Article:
Titus – or rather, the two actors who played him — promoted that image of the company in television commercials for 40 years.
Pepperidge Farm was actually founded by Margaret Rudkin, a society housewife who lived in a Tudor mansion on 125 acres in tony Fairfield, Conn. She turned to selling bread after the stock market crashed in 1929 and her Wall Street broker husband suffered a polo accident.
She was a shrewd businesswoman who anticipated food trends, insisted on a quality product and treated her employees well. She also worked hard.
“There isn’t a worthwhile thing in the world that can’t be accomplished with good hard work,” she once said. “You’ve got to want something first and then you have to go after it with all your heart and soul.”
Slim and Stylish
Margaret Rudkin was born Margaret Fogarty in New York City on Sept. 14, 1897, the oldest of five children. She spent her early years in a turn-of-the-century brownstone in Tudor City, then moved to Long Island when she was 12. Margaret graduated valedictorian of her public high school class in Flushing, Queens, and then got a job as a bookkeeper in a small bank. Four years later she went to work for the Wall Street brokerage firm of McClure, Jones & Co.
She was a striking young woman, described later as ‘slim and sophisticated, with gorgeous red hair, green eyes and milk-white skin.’ She attracted Henry Rudkin, a polo-playing partner in McClure, Jones, 12 years her senior. They were married in 1923.
The Rudkins did well during the Wall Street boom of the Roaring ‘20s. They bought a 125-acre farm in Fairfield. There they built a Tudor-style mansion with a five-car garage and a 12-horse stable. They named their home Pepperidge Farm after the sorghum trees on the property, which the locals called ‘pepperidge.’ Henry and Margaret Rukin devoted themselves to their three sons, to hunts and to horse shows.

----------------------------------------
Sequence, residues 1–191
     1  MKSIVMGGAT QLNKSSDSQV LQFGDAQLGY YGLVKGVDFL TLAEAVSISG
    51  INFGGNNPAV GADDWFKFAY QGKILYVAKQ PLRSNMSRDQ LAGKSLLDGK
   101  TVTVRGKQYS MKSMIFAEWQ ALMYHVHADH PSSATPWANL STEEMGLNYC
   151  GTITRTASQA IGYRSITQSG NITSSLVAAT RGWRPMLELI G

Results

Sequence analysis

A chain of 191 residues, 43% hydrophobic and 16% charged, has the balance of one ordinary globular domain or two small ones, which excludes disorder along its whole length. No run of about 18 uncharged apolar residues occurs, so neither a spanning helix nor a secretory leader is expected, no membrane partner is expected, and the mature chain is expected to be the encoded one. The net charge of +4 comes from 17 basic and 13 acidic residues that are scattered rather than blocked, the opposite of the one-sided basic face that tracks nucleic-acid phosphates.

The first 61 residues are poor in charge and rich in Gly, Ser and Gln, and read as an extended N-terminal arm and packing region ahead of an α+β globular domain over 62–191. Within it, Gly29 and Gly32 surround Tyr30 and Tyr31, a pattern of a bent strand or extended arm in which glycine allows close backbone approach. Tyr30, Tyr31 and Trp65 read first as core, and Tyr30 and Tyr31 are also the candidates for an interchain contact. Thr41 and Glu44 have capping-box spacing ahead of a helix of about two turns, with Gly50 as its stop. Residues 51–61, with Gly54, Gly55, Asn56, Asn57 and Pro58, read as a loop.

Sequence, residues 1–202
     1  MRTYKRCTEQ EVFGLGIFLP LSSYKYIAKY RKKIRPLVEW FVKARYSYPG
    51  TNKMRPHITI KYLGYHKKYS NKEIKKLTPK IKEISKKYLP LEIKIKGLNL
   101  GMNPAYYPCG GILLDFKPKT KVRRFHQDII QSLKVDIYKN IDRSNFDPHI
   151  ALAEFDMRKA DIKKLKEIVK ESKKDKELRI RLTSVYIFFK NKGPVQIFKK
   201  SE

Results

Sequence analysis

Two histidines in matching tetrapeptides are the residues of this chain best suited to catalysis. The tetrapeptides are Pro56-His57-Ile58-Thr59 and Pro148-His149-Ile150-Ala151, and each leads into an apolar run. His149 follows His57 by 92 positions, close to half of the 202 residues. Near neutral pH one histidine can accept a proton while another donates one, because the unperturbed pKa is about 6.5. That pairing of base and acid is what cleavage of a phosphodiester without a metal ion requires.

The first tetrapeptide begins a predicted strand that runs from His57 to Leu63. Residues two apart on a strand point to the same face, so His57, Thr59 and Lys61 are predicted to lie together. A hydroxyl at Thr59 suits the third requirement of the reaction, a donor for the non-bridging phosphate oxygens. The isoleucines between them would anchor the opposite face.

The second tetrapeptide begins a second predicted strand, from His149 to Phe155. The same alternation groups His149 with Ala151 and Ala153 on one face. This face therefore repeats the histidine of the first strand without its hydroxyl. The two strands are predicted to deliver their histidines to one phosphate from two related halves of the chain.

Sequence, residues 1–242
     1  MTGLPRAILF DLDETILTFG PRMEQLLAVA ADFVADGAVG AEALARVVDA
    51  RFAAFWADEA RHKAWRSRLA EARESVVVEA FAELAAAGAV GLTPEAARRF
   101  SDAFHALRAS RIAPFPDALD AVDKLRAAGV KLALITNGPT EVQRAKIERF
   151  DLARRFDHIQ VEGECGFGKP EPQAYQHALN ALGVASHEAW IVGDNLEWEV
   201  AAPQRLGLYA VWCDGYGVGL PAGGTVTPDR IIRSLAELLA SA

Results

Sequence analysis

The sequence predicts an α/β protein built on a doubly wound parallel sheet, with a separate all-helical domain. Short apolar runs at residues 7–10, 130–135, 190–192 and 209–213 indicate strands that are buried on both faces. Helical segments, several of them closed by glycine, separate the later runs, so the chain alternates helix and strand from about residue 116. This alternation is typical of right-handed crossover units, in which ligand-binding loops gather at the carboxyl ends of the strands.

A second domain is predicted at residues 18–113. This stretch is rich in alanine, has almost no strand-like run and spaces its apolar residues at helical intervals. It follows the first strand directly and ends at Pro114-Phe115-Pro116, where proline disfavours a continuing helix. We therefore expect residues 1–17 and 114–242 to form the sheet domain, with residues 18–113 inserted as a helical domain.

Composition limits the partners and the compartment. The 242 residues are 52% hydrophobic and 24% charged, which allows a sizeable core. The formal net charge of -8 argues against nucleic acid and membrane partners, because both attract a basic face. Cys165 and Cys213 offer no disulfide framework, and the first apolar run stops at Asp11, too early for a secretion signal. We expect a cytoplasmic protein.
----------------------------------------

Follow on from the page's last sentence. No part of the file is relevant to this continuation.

That ended with the stock market crash of 1929 and the Great Depression. Henry suffered a serious polo accident and couldn’t work for six months. Margaret sold all their horses and all their cars but one, let the servants go and looked for a way to make money, starting with apples and turkeys.
According to one account, she began baking stone-ground whole wheat bread because her son Mark had severe food allergies. According to her own account, she started baking because of her ‘interest in proper food for children.‘
At first, she failed. “My first loaf should have been sent to the Smithsonian Institution as a sample of Stone Age bread, for it was hard as a rock and about one inch high,” she said.
She kept at it. In August 1937 she sold her first batch of Pepperidge Farm bread to her grocer in Fairfield, Mercurio’s Market.
Her fledgling business got a boost from her family doctor, who recommended her bread to other patients, and from the New York Journal and American, which featured a story about her under the headline, “Society Woman Turns Baker To Supply Elite With Healthful Bread.” Mass-produced bread cost 10 cents a loaf, while Pepperidge Farm bread cost 25 cents because it was made with whole milk and butter.
Margaret Rudkin moved her bakery from the kitchen into the garage and began making white bread with unbleached flour. A specialty food store in New York, Charles & Co., ordered 24 loaves a day. Henry Rudkin delivered them on his way to Wall Street.